A micrometer is one millionth of a meter. Air pollution particulate matter that is smaller than 10 micrometers can enter the lungs, and studies have linked these tiny particles to heart disease, stroke, lung cancer, asthma, and other diseases.
Ozone is created by chemical reactions between nitrogen oxides and volatile organic compounds in the presence of sunlight. Car exhaust, gasoline vapors, chemical solvents, and emissions from industrial plants are major sources of nitrogen oxides and volatile organic compounds. Breathing ozone can cause or worsen a variety of health problems, including asthma, emphysema, and bronchitis.
For 94% of the women in the study, the researchers were able to obtain air pollution estimate grids for the year before their mammogram.
The researchers found that women with extremely dense breasts were exposed to higher levels of air pollution particulate matter that was smaller than 2.5 micrometers.
Women with extremely dense breasts were about 20% more likely to have been exposed to higher levels of air pollution particulate matter that was smaller than 2.5 micrometers than women who had breasts with scattered density. Women with mostly fatty breasts were about 12% less likely to have been exposed to high levels of air pollution particulate matter that was smaller than 2.5 micrometers.
The researchers said that a one unit increase in air pollution particulate matter that was smaller than 2.5 micrometers was linked to:
- a 4% higher risk of having consistently dense breasts
- a 2% lower chance of having fatty breasts compared to breasts with scattered density
When the researchers looked at ozone exposure, they found the opposite relationship. Women exposed to higher levels of ozone were less likely to have extremely dense breasts.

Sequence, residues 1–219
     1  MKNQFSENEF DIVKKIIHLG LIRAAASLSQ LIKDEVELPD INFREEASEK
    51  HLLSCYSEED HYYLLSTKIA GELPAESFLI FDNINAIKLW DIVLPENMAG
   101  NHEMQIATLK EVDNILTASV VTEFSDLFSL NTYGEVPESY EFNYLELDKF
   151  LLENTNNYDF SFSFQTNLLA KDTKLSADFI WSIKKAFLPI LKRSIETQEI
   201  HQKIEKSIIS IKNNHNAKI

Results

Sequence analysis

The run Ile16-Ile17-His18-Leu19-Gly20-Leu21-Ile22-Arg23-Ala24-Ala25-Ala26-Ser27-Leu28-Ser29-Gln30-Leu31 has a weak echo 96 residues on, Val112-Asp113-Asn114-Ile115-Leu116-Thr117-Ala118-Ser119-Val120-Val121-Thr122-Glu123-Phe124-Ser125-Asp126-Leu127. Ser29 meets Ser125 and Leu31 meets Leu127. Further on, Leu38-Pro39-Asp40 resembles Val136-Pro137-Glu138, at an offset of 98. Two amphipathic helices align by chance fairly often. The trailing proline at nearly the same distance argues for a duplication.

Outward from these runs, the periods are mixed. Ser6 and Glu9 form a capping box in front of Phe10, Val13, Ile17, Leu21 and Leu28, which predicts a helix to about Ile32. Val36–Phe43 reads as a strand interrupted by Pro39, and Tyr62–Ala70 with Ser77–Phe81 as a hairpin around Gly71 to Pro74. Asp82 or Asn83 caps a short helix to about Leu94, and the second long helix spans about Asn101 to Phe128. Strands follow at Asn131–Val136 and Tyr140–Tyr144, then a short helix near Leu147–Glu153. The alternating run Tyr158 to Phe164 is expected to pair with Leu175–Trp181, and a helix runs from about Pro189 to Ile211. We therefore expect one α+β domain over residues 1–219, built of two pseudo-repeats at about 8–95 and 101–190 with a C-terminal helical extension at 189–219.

"Our findings suggest that previously reported geographic variation in breast density could, in part, be explained by different air pollution patterns in urban and rural areas," said Lusine Yaghjyan, professor of epidemiology at the University of Florida and lead author of the study. "Breast density is a well-established and strong breast cancer risk factor so future studies are warranted to determine if the observed associations are causal, which if confirmed may have implications for risk prevention.
"We found a positive association between fine particle concentration exposure and breast density but an inverse association between ozone exposure and breast density," she continued. "This is an intriguing result that warrants further investigation to unpack any possible biological mechanism that might cause ozone exposure to reduce a woman's chance of having dense breasts."
Many of the chemicals that make up air pollution smaller than 2.5 micrometers are known to be hormone disruptors. Hormone disruptors can affect how estrogen and other hormones act in the body by blocking them or mimicking them, which throws off the body’s hormonal balance.
While this study doesn’t prove that exposure to high levels of very fine air pollution particles caused a woman to have dense breasts, it suggests that there may be some type of link, perhaps in combination with exposure to other chemicals.
If you suffer from asthma or have difficulty breathing because of allergies or other conditions, you may want to monitor your local air quality. The EPA has an online Air Quality Index tool called AirNow that allows you to check the Air Quality Index for your area. If the air quality is unhealthy, very unhealthy, or hazardous, you may want to avoid going outside and keep your windows and doors closed until the air is cleaner.
For more information on breast density, visit the Having Dense Breasts page in the Breastcancer.org Lower Your Risk section.